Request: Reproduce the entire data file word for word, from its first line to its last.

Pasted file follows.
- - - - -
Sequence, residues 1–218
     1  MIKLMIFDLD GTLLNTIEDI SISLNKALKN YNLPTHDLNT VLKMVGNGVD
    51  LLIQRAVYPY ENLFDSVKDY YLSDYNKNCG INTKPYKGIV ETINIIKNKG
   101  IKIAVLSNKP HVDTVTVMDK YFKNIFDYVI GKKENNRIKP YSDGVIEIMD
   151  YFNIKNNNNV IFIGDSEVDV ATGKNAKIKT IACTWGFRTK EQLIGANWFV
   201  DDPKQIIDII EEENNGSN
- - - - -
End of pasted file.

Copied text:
Sequence, residues 1–218
     1  MIKLMIFDLD GTLLNTIEDI SISLNKALKN YNLPTHDLNT VLKMVGNGVD
    51  LLIQRAVYPY ENLFDSVKDY YLSDYNKNCG INTKPYKGIV ETINIIKNKG
   101  IKIAVLSNKP HVDTVTVMDK YFKNIFDYVI GKKENNRIKP YSDGVIEIMD
   151  YFNIKNNNNV IFIGDSEVDV ATGKNAKIKT IACTWGFRTK EQLIGANWFV
   201  DDPKQIIDII EEENNGSN